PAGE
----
Roland Beech knows he has detractors who remind him basketball is about more than a calculator.
“There’s still certain people like Chuck (Charles Barkley) who make jokes about it, but I have no problem with that,” said Beech, the Kings’ vice president of basketball strategy and data science. “There’s a lot of bad statistical work truthfully that has brought that upon the analytics world, but I think most people are very receptive to it. They think it’s going to help them, whether it’s a player or a coach. You just have to talk to them the way they like to receive the information.”
The Kings hired Beech in August to work in a variety of areas, including the transmission of information to the coaching staff and front office.
“We get game-to-game reports from him, weekly reports on subjects we might bring to him and sometimes things he brings to us,” coach George Karl said. “It’s a good relationship. It’s fun, how the numbers match up with our heads and how our heads match up with the numbers and the eye. And if the eyes and the heads and the numbers match, it’s a good thing.”
Beech always has been interested in sports and numbers. While majoring in English at Cal, he followed horse racing at Golden Gate Fields.
“Horse racing is very analytical,” Beech said. “It’s got tons of numbers on the horses’ past races and the trainers and the jockeys and everything. So you can make it as heavy number crunching as you like. Some people even track the track bias, how the track itself is changing from day to day and moment to moment. It’s a very complicated analysis game if you want it to be.”
Beech’s beginnings in basketball statistical analysis date to 2002-03, when he built the website 82games.com. With NBA box scores available to the public, Beech wanted to learn about the game and how it was played.
The website intrigued Dallas Mavericks owner Mark Cuban.
“Mark Cuban found it within two weeks,” Beech said. “He was one of the first hundred or so people to find the site. So he loved it and we got to talking. And a few years later, I started consulting with the team, and after a few years of that, I came into Dallas full time as part of the whole staff. It was how I got in for sure.”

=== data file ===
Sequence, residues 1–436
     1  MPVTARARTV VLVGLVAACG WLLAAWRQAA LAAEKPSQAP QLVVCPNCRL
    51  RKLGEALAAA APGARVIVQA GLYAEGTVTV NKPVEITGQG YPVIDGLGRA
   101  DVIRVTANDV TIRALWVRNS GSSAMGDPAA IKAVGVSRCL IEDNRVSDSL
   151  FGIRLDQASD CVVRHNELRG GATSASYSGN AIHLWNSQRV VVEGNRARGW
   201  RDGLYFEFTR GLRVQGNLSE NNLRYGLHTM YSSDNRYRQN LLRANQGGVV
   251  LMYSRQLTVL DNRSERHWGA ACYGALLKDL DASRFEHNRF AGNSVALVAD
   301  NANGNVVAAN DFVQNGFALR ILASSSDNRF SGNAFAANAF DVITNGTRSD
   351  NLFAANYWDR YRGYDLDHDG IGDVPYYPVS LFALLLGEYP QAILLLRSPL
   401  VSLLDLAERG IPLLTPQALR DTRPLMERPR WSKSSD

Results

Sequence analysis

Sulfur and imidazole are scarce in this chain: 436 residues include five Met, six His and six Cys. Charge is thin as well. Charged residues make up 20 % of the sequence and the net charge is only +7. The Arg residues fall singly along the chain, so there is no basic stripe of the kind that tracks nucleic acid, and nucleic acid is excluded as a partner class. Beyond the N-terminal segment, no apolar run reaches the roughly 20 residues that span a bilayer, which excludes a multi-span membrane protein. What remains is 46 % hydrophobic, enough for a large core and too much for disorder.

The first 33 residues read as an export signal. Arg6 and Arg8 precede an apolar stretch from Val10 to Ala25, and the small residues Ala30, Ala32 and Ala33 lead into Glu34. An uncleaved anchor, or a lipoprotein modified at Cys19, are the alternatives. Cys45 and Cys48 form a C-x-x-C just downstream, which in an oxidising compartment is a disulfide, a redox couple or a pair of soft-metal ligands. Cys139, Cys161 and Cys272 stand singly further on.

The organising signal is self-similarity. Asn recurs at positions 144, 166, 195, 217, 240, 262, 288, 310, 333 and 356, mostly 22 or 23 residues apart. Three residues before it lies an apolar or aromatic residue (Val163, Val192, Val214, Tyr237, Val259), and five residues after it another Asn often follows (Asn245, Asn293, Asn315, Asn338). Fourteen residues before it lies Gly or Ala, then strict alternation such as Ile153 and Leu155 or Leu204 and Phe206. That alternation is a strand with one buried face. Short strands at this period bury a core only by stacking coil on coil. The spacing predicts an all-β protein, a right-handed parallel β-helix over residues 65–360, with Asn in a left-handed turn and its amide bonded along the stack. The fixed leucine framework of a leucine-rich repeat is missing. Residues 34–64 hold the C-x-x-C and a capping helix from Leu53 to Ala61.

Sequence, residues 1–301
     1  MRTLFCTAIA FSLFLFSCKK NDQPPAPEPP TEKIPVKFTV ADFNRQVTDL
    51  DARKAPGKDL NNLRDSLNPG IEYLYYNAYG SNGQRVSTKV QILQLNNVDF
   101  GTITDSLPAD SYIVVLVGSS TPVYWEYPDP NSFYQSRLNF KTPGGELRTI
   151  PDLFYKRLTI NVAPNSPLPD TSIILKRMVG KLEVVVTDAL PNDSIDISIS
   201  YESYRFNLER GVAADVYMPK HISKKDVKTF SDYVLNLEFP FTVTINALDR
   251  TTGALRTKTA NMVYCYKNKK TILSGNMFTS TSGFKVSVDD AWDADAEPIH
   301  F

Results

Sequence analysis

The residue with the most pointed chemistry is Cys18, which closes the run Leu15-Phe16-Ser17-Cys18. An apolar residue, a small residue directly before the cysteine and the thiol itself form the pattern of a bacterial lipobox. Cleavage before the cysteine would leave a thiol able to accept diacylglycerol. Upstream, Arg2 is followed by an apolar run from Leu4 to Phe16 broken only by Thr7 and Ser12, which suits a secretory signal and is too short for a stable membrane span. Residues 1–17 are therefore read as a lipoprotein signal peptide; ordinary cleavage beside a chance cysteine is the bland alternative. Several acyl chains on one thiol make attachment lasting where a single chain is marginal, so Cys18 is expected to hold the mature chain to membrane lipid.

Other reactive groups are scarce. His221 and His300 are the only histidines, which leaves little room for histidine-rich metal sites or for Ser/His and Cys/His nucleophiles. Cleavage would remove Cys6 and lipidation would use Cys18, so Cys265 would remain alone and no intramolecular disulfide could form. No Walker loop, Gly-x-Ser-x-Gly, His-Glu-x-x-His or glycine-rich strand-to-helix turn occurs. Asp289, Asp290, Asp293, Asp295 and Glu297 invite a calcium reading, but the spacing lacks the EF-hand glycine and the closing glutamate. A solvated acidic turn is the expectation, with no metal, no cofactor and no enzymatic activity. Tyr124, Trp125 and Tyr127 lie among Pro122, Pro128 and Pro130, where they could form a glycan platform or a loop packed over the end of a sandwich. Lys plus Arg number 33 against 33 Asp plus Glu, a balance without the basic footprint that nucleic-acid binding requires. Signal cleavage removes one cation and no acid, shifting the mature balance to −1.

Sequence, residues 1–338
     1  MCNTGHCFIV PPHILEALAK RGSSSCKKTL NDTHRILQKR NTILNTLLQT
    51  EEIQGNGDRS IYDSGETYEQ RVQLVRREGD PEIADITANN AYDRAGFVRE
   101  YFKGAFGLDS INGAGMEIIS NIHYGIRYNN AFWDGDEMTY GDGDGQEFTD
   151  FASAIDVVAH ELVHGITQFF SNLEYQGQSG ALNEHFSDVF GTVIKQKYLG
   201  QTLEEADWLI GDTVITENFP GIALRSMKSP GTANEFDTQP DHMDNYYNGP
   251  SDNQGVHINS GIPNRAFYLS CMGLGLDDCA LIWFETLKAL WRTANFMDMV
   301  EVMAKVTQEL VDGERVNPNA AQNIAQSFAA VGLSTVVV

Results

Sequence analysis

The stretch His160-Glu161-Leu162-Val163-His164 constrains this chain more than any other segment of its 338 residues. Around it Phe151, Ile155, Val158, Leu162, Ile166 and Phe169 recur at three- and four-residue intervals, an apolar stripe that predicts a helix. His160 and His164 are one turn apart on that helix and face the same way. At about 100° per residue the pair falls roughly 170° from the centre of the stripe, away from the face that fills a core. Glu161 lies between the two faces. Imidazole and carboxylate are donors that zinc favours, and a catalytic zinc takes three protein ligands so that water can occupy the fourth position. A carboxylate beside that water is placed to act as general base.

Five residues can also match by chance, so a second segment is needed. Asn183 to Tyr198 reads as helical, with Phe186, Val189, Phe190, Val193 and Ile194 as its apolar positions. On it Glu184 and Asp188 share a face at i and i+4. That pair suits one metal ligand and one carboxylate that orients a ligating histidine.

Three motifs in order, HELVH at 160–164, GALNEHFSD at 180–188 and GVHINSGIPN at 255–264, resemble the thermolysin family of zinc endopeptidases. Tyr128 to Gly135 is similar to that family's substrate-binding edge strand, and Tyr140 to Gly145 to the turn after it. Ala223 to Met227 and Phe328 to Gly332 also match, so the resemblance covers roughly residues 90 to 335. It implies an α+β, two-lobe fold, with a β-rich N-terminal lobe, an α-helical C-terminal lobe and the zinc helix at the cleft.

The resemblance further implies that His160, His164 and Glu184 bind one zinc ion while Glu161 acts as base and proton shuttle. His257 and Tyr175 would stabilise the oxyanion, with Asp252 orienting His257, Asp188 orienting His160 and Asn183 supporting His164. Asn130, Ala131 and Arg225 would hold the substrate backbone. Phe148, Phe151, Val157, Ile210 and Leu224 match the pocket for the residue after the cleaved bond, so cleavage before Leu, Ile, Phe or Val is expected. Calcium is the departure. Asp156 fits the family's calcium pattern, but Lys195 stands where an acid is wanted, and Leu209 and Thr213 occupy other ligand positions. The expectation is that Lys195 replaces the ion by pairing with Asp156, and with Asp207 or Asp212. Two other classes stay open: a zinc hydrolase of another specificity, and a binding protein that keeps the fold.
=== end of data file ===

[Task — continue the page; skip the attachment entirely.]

Beech became involved in the Mavericks’ operations in multiple ways. But his stint didn’t start smoothly. Some wondered what to do with the stat guy.
“I remember my very first coach’s meeting,” Beech said. “(Coach) Rick (Carlisle) had all the coaches there, and they’re talking away, I’m not really saying much of anything. And they’re talking along and then they start talking about specific players and what’s their career three-point percentage? And suddenly every single person turns their head and looks right at me. … It was clear at that moment that I’d be the kid who memorized the back of basketball cards, that I’d be some walking encyclopedia.”
That perception amused Beech because he said he doesn’t have a great memory. But his role evolved into working with players, coaches and the front office.
“By the end, the biggest compliment Rick gave me was ‘You’re not the stats guy anymore,’ ” Beech said. “ ‘You’re a basketball guy who knows the stats, but you’re way more than that.’ ”
Carlisle said Beech contributed more than numbers.
“He helped with everything, everything from direct, oncourt basketball probability to trends, what’s happened with probabilities based on things that have happened,” Carlisle said. “To the draft, college players. He’s got a very wide-ranging diverse set of information, which really helped us.”
Beech figures to play a role in the Kings’ offseason additions via the draft or free agency. He said his analysis will be more than just a numbers game.
“I don’t see the numbers as any kind of absolute thing,” Beech said. “I very much believe in fit, how a guy fits in a certain situation. There are so many variables. The coaching, the coaching game plan, a guy’s role, his teammates, his emotional state. I mean, these guys are human beings and I expect them to act like that. I don’t expect them to act like robots or be perfect all the time.”